With a 77% LF they can fly a a350 or 78J right now with a lower CASM. Fast forward a few years and add the 777X to the list too.
They may need to leave a handful of passengers behind, but losing 10 people on 500 USD round trips is going to help them more than hurt them.
It's not that easy of course, since "downgrading" also will mean giving up quite * a lot of * premium seats. The quoted pax delta between 78J/350/777 vs A380 is not made up of 20 times $500 round trips.
One of the reasons EK has (and can afford) lower LF, is because of the sheer size of their premium cabins (not to mention the bonus of a full premium upper deck). Industry wide (not just EK), premium load factors are lower than cattle class LF. Which is perfectly OK, this is one of he reasons there are (much) more expensive in first place.
While they may very well be able to absorb the loss of 20 low yield pax at 500 USD, losing 10 or even 5 high premium customers at 3000 - 8000 US will hurt them. Not to mention that those pax are usually much more loyal than your average 500$ return trip customer, and these valuable customers may now start looking elsewhere for their next trip.
Going back to 787/350 (from A380) will mean a significant reduction in premium seats, en an even heavier reduction in premium income.
As others have pointed out, EK doesn't have frequency. Which is a big part of why larger aircraft work for them. Everything about their operation depends on feeding their transfer banks. I will add to this that EK has an absolutely massive network and a single hub. That is why they can have 80% LF on A380s to places like BCN. They are literally shuttling the one family that wants to go from COK and the businessman from IKA and the college student from JKT and putting them on a flight to BCN. There is a multiplier effect as their network grows. Every city they add to their network, adds demand to every other spoke in the network, driving up average aircraft size. This is no different than CX and SQ and other single hub carriers. EK just happens to be more favourably located than those two.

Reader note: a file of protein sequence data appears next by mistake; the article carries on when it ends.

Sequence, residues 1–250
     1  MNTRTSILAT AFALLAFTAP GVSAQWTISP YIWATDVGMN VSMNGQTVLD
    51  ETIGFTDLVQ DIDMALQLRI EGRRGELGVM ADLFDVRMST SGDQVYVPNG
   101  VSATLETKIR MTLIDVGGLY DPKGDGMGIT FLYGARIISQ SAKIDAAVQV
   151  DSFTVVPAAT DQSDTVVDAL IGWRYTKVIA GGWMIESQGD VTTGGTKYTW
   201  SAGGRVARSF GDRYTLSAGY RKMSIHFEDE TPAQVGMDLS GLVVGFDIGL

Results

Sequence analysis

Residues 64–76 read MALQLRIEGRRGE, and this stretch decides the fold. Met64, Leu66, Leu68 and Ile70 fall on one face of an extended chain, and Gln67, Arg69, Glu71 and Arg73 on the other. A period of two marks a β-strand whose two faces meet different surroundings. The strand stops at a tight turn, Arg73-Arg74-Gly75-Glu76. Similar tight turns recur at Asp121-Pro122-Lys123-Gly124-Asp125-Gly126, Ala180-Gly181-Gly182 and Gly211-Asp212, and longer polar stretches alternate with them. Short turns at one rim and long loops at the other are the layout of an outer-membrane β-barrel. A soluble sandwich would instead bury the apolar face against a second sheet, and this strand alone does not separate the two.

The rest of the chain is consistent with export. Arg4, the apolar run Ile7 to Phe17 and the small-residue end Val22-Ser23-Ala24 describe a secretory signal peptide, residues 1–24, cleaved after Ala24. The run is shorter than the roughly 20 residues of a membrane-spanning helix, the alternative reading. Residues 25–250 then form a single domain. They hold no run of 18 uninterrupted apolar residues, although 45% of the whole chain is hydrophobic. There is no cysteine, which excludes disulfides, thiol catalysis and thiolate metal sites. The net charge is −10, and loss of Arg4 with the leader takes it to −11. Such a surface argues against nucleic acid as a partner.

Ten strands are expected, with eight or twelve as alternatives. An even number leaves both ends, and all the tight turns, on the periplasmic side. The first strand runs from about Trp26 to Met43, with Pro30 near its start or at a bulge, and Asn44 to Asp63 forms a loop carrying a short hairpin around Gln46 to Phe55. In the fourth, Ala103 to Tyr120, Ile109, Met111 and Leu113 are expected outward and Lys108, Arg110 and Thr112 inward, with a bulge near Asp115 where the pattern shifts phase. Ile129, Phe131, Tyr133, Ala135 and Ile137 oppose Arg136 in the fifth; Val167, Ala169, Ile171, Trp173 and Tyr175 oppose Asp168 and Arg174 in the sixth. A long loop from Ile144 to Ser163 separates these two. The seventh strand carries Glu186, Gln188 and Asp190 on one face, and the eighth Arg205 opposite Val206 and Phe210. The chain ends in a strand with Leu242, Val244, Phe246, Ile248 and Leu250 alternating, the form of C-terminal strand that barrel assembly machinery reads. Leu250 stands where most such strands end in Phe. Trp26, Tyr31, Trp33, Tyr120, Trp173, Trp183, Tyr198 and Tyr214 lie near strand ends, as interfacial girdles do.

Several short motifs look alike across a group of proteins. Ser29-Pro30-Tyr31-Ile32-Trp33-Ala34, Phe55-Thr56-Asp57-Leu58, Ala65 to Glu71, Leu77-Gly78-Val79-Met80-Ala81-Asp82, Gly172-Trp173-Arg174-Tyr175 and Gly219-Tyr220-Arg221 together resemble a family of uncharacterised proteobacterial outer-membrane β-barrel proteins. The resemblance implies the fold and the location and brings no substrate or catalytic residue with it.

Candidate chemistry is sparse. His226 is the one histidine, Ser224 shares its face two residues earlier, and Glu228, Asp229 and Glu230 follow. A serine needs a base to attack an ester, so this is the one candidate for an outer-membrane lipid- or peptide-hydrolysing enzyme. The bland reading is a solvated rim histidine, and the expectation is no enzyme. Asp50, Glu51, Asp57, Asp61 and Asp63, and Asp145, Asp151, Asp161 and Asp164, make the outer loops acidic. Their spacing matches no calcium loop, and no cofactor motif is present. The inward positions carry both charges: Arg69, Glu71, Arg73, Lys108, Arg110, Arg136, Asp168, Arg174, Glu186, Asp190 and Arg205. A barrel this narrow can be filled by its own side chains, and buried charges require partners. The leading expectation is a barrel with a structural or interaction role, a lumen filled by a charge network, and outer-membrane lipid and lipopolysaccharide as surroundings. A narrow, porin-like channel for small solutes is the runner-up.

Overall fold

upperdeckfan wrote:Figures shown on this recent thread have EK loads out of BCN averaging around 80% until August. That means 100+ empty seats on a 500+ seats A380
Aither wrote:Trafic between Africa and Asia x4 in 5 years...and people saying EK should replace A380 with smaller aircraft...?
fjmm92 wrote:upperdeckfan wrote:Figures shown on this recent thread have EK loads out of BCN averaging around 80% until August. That means 100+ empty seats on a 500+ seats A380
Barcelona is the first spanish destination for Emirates:
Until november 2018 (passangers carried):
Madrid: 480,823 pax
Barcelona: 507,698 pax
So, as you can see with this numbers, A380s to/from MAD had more empty seats than from/to BCN.
JayBCNLON wrote:What’s the industry average load factor ? 75%? So The entire airline industry is an „abuse“? Just because in absolute terms 100 seats sounds like a lot EK is abusing the A380 ? Of course you have empty seats! And of course you have empty seats on EK and on A380s too, and lots of them because the average load factor is less than 100% and the A380 is a big plane. But you have 4 times as many seats filled on average. Nothing to see here and by no means any sort of „abuse“. Can’t believe this term is being used in this context and on a.net.